The most common causes of the fire outbreaks were accidents, arsonists and vandalism, with the manufacturing sector bearing much of the brunt of the damages.
The year 1983 fared the worst, according to the Department of Statistics figures. There were 6,802 fire cases, leading to $47.1 million worth of property destroyed, many of them belonged to manufactured goods and properties of residences, warehouses and storage buildings.
The Modern-Day Force
In 1980, the Singapore Fire Brigade became officially known as the Singapore Fire Service (SFS). It was renamed as the Singapore Civil Defence Force (SCDF) in April 1989 after the merger of the Fire Service and the Civil Defence Force. The modern-day force not only dealt with fires but also other disasters such as the collapse of the Hotel New World in March 1986. Since 1988, the Civil Defence Force had also been deployed in overseas humanitarian and disaster relief operations.
995, the emergency number that most Singaporeans are familiar today, was introduced in 1984, replacing the older versions of 5555, 328111 and 3378111. In 1991, the first Public Warning System (PWS) were tested and installed. Today, the system covers more than 2,000 strategic locations on the island.
Former Fire Stations
Alexandra Fire Station (1954-2003)
Alexandra Fire Station was officially opened by the Governor of Singapore Sir John Nicoll on 25 February 1954. Constructed at a cost of $1.5 million, it was then the largest fire station in Eastern Asia. Located near Rumah Bomba Circus, the former round-about between Alexandra Road and Queensway, the fire station’s main mission was to serve Singapore’s first satellite town in Queenstown, Pasir Panjang and the west coast of the country.
Alexandra Fire Station boasted a 164-feet high watch tower, 62 feet taller than the iconic tower at the Central Fire Station. One of the station’s most difficult operations was the battle against the Bukit Ho Swee fire in 1961. Serving for almost 50 years, the aging premises of the former Alexandra Fire Station was eventually demolished in 2003.
Bukit Timah Fire Station (1956-2005)
The fourth fire station in Singapore, the Bukit Timah Fire Station was built two years after the completion of the Alexandra Fire Station. Standing at the junction of Upper Bukit Timah Road and Old Jurong Road for five decades, it had become an iconic landmark in the vicinity with its distinctive red doors and watch tower. There were also several blocks of staff quarters standing beside the main station.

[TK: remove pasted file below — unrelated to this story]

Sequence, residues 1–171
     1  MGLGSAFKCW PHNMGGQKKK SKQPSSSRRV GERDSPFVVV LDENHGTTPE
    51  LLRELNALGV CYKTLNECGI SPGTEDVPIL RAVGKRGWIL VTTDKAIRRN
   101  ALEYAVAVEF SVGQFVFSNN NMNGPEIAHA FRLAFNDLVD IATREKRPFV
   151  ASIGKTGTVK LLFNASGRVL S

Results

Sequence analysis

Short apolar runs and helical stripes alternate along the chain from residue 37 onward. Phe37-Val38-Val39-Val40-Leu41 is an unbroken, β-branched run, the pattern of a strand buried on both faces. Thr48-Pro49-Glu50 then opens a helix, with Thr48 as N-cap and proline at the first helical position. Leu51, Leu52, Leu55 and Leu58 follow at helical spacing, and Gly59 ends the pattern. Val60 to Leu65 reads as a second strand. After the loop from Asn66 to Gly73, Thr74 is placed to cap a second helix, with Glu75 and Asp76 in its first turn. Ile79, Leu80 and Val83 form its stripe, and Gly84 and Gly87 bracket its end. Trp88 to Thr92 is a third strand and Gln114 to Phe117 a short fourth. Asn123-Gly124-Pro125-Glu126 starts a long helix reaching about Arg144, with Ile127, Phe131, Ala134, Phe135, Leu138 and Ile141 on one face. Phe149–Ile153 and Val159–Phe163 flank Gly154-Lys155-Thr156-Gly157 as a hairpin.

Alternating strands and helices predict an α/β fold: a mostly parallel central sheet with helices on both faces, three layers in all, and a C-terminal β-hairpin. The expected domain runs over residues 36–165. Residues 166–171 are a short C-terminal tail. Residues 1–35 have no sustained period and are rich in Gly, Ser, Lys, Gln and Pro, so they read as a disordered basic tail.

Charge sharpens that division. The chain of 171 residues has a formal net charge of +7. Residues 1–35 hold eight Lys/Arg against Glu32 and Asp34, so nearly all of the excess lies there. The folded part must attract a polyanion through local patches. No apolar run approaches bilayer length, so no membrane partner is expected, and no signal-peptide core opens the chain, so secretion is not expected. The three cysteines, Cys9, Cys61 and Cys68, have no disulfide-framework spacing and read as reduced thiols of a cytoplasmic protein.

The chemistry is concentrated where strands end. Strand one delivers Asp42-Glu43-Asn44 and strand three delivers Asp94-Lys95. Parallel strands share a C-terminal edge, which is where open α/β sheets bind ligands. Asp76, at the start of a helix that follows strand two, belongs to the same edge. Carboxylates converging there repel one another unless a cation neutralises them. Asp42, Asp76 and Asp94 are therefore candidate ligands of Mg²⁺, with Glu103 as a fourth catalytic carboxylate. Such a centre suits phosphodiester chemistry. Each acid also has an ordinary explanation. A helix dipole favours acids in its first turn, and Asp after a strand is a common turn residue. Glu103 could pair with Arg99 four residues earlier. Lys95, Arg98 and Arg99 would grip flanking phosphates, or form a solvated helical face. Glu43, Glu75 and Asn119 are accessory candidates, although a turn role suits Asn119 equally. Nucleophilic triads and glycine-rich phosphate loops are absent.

In 2005, the fire station was closed permanently; its role was taken over by the 4th Civil Defence Division housed in the new Bukit Batok Fire Station at Bukit Batok Road. The premises is currently converted into a restaurant.
Geylang Fire Station (1929-2002)
Before the ceasing of its operation, the Geylang Fire Station was the second oldest fire station in Singapore after the Central Fire Station. It was opened in 1929, and served a total of 73 years at the junction of Paya Lebar Road and Sims Avenue.
After 2002, the duties of the Geylang Fire Station were reassigned to the Paya Lebar Fire Station, who also serves as the headquarters of SCDF. The premises of the former fire station was given the conservation status is 2007.
Sembawang Fire Station (1941-2003)
Located within the former Sembawang Naval Base, the old Sembawang Fire Station was established by the British in 1941, providing operational coverage for the naval base as well as areas around Sembawang, Mandai and Woodlands. When the British forces started their withdrawal in 1968, Sembawang Naval Base and its facilities were handed over to the Singapore government.
The Sembawang Fire Station, with its fleet of fire engines, fire boats and firefighting equipment, was taken over by the Singapore Fire Brigade in 1971. It continued to be in service until 2003, when its operations were relocated to Yishun Fire Station. Like the Geylang Fire Station, Sembawang Fire Station was conserved by the Urban Redevelopment Authority (URA) in 2007.
Serangoon Fire Station (1952-2001)
Built in 1952, the Serangoon Fire Station was situated along Serangoon Road near the Kallang River. It won the best fire station award in 1996. The responsibilities of the Serangoon Fire Station were transferred to the Bishan Fire Station after it ceased its operation in 2001.
The restructuring of the organisation ensured that the SCDF’s operational coverage was extended to the residential, commercial and industrial areas at Bishan and Thomson.
Published: 22 August 2014
Updated: 25 December 2017